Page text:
The boys settled into the not unpleasant task of growing up in San Antonio, Texas, in the 1920s and 1930s. Schriever was the star pitcher on the Friedens Evangelical baseball team, yet the all-American game did not attract him as much as it did most other boys. Golf became his passion. His obsession with it first brought out the relentless competitiveness, the fierce desire to emerge as number one that was behind the friendly, restrained exterior of his personality. The generosity of Edward Chandler was responsible for getting him started. An enthusiastic golfer himself, Chandler had decided that Schriever and Gerry should be taught the game. After Elizabeth had gone to work for him, he took them out to the San Antonio Country Club (he was its president), and instructed the golf pro there to shorten some clubs (golf clubs had wooden shafts in those days) and to give them lessons. The boys had a ready supply of golf balls from the San Antonio River, then a relatively shallow, free-flowing stream that ran through the middle of Brackenridge Park Golf Course, where they could play for a minimal fee because it was public. They would simply wade in and fish stray balls from the river bottom. Gerry became a quite competent golfer, but never the dazzler on the links his older brother, Bernard, was to become. Schriever was off on his first quest.

Golf is a social game and yet it is also an intensely solitary one. A golfer plays on the course alongside others, but he wins or loses on his own performance. There is virtually no margin for error. A tournament can be won or lost by a single stroke. The game requires enormous and sustained powers of concentration and self-control, because it is as much mental as it is physical.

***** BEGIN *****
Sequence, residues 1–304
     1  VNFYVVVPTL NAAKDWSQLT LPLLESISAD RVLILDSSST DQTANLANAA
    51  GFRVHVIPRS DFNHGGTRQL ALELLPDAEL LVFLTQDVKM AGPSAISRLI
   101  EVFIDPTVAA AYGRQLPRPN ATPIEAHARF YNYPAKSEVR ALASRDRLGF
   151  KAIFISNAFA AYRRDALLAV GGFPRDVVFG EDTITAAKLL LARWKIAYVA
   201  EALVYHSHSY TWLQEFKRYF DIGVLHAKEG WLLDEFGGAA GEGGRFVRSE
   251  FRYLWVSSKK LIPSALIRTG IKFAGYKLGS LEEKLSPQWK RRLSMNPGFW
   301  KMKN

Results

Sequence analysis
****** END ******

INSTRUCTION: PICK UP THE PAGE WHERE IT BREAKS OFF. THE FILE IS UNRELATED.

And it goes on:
Much later in life, after the immigrant boy from Bremerhaven wore stars in the U.S. Air Force and was charged with creating America’s intercontinental ballistic missile force, Schriever was renowned for his staunchness under stress and the deliberate fashion in which he would thread his way through multiple obstacles to a solution. When test missiles exploded in flames and thunder on the launching pads, fizzled out and crashed back to earth, or strayed wildly off course and had to be blown up in midair by the range safety officer—to ridicule in the press and irritation and impatience at the Pentagon and the White House—others would begin to lose their nerve. Not Schriever. He would remain calm and press on with the searching and questioning, he and his people learning from each failure until the rocket flew straight and true.